It could be from anywhere as far west as Japan and as far south as California, but Jeff Lederman of the Island Wildlife Natural Care Centre (IWNCC) thinks their first northern fur seal guest came from the Alusian Islands in Alaska.

The northern fur seal which is actually a miniature sea lion, arrived a IWNCC on February 8 after being rescued from Kelsey Bay in Sayward on Vancouver Island. It was being harassed by people at a fish farm who often kill sea lions and other animals preying on fish, even though it is illegal to do so, said Lederman.

The woman who saved it said the sea lion was in the same part of the water for three days.

Lederman said that at 15 poinds the seal is at 50 per cent of its body weight. Like all sea lions, it walks around on its flippers and is “adorable,” according to Lederman, with a big head and big flippers attached to an emaciated body covered in soft, grey fur.

Since its arrival, IWNCC volunteers have been struggling to keep it alive with five tube feedings of fish formula each day, Lederman said.

It is living in the indoor intensive care ward and being given antibiotics as well as homeopathic remedies for dehydration, pneumonia, bowel problems and flukes, a body parasite in the tapeworm family, according to Lederman.

Her said the northern fur seal will appear close to death one day but will be improved enough to climb the walls on the next day. Lederman said the sea lion likes to bite when he is feeling better.

Northern sea lions can live in the water for months, said Lederman. They swim and sleep in the water with 75 per cent of them going to the Alusian Islands to breed each June.

The IWNCC has had an 80 per cent survival rate with harbour seals, which are much more common residents. Other animals recently rehabilitated include three ducks still left over from the last canola oil spill, two bald eagles, a great blue heron and a gull.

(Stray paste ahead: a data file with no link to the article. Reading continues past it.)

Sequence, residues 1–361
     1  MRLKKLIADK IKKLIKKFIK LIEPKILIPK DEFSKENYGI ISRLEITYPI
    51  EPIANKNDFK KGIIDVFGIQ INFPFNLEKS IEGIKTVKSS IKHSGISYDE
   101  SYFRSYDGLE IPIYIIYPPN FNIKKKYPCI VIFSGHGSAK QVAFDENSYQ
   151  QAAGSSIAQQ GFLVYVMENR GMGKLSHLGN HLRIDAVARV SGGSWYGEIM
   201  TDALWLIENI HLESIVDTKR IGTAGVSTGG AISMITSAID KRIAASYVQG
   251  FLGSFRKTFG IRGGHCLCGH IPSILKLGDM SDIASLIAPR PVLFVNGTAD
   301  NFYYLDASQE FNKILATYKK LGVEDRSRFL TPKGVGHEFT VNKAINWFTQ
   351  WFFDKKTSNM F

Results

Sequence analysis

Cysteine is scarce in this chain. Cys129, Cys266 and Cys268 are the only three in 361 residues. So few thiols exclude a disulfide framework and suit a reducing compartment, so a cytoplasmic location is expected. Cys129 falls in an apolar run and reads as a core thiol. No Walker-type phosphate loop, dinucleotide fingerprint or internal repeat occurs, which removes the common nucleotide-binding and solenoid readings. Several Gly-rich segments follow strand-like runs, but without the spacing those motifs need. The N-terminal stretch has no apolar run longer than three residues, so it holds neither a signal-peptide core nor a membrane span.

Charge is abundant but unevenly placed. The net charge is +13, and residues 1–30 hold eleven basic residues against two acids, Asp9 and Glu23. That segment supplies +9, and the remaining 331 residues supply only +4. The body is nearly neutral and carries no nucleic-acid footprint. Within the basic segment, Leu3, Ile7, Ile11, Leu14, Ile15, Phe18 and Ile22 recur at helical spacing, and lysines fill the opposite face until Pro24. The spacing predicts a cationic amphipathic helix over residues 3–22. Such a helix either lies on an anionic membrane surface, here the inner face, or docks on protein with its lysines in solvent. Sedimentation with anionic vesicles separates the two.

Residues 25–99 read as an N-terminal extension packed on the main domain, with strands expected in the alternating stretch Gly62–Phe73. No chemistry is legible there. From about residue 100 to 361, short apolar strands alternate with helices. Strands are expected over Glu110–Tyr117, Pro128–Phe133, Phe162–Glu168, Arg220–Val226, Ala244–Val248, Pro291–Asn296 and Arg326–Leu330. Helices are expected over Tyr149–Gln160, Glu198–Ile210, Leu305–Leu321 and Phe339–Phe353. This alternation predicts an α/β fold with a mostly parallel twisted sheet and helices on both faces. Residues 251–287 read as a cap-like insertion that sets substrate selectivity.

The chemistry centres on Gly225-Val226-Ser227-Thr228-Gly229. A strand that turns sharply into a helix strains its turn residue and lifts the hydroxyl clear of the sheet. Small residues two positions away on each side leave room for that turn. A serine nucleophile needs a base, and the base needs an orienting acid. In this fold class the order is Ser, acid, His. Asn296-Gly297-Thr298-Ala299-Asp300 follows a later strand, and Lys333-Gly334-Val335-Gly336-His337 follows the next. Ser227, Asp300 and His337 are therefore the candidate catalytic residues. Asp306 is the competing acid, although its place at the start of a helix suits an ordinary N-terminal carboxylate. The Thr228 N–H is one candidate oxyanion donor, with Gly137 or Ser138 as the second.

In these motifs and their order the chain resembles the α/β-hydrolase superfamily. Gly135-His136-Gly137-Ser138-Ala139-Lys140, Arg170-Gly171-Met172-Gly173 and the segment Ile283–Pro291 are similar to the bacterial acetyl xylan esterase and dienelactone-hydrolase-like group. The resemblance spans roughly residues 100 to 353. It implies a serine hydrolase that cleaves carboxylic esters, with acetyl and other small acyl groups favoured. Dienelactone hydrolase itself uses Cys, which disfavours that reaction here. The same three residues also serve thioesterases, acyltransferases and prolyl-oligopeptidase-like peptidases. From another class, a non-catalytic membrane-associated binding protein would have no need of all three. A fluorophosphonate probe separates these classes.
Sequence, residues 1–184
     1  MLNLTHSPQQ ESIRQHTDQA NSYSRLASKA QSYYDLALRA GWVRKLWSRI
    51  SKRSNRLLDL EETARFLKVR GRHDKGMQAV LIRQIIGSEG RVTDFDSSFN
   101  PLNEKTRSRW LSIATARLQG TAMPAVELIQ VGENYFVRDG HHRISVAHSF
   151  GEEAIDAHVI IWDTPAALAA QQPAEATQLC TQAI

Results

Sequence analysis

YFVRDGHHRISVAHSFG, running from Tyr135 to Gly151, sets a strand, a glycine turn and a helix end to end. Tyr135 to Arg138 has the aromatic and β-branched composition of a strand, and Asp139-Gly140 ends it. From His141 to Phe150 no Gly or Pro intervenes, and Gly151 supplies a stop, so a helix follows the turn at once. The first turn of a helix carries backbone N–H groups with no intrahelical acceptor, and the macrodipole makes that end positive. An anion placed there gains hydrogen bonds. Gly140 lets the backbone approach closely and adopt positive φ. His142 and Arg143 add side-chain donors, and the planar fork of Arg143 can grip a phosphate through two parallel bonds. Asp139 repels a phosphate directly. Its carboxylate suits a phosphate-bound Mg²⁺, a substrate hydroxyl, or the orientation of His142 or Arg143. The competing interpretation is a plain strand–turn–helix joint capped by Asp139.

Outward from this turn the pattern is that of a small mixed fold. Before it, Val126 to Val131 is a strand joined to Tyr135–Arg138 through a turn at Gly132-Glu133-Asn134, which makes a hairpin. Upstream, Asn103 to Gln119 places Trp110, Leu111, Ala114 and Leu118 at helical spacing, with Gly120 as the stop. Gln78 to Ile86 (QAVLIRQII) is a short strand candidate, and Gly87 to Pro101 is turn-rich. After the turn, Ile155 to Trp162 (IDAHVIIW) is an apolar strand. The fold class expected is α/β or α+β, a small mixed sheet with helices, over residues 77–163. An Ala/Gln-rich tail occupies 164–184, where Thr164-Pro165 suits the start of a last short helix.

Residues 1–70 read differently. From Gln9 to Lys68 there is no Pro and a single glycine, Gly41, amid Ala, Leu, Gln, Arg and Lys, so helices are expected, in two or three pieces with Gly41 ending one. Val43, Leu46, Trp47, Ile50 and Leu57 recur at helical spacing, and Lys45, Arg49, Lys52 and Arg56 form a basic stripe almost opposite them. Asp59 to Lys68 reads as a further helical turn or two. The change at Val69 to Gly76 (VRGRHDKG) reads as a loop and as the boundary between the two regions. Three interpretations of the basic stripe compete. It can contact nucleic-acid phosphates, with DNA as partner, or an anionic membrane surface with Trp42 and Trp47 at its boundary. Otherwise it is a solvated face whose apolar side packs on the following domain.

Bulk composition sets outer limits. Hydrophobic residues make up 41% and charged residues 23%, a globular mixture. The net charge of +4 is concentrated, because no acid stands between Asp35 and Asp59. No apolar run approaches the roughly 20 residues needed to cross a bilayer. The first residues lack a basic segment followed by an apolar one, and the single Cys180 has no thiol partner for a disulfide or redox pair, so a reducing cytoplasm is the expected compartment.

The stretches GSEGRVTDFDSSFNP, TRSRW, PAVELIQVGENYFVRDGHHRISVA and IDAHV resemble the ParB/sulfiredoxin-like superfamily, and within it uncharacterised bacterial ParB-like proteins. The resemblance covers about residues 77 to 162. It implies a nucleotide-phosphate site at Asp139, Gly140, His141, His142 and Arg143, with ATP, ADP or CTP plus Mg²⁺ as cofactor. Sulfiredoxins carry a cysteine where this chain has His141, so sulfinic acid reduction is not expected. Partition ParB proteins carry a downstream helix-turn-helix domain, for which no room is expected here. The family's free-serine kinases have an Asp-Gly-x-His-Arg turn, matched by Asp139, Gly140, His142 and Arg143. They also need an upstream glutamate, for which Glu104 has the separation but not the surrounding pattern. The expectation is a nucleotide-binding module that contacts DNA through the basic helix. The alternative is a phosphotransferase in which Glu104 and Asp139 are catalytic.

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MP runs gas station

May 4, 2014

On small newspapers, a journalist can advance quickly. In the 1980s, anyway, young journalists often ‘cut their teeth’ on rural newspapers and quickly went from being a reporter to editing and then on to the urban newspapers where their speed of promotion usually slowed down. 

When I began work at The Gravelbourg Gazettethe newspaper’s publisher owned another newspaper further south in Saskatchewan in  the beautiful rolling hills,near the United States border, known as the badlands. In a matter of months, that newspaper’s editor got a job in Saskatoon so I was ‘kicked upstairs’ to The Borderland Reporter editorship. Of course, I continued to write virtually all the articles besides doing some extra duties as editor but now I did it for a different newspaper although my boss remained the same.

This is how I came to write stories, including the following story, for The Borderland Reporter. It is a story that could have been entitled “Trust a Conservative to Protest Change”. Read on:

The Borderland Reporter

February 16, 1983

MP runs gas station

by Tanya Lester

Len Gustafson, Member of Parliament (MP) for Assiniboia, is one of 32 Conservative MPs involved in running an Ottawa station which serves gas in gallons rather than litres.

Operating the gas station on the imperial measurement system is a Conservative protest against the Liberal government’s method of enforcing metric conversion. “What we are opposed to is the fact that the government is forcing people to change to metric, Mr. Gustafson said.

Mr. Gustafson said the Conservative MP’s are not advocating a “roll back to gallons” although he pointed out there is some move away from litres and back to gallons in the United States.

The MP believes the government should “let those change who want to and allow the country to operate under both measurement methods”. He cited a case where a gas stations owner in Tribune, Saskatchewan had to close his station, the only one in town, because he could not afford to pay the $2500 to convert the gas pumps. A government inspector had told him it was mandatory to make the change.

Mr. Gustafson felt the Liberal government has reversed its original decision to allow people to make the change to metric on a voluntary basis without bringing their intentions to Parliament where the issue could have been debated.

To operate on both measurement systems in the world market does not pose a problem for large international dealers as to make the conversion between what a number of bushels would work out to in tonnes, for example, can be simply done with a chart, Mr. Gustafson said.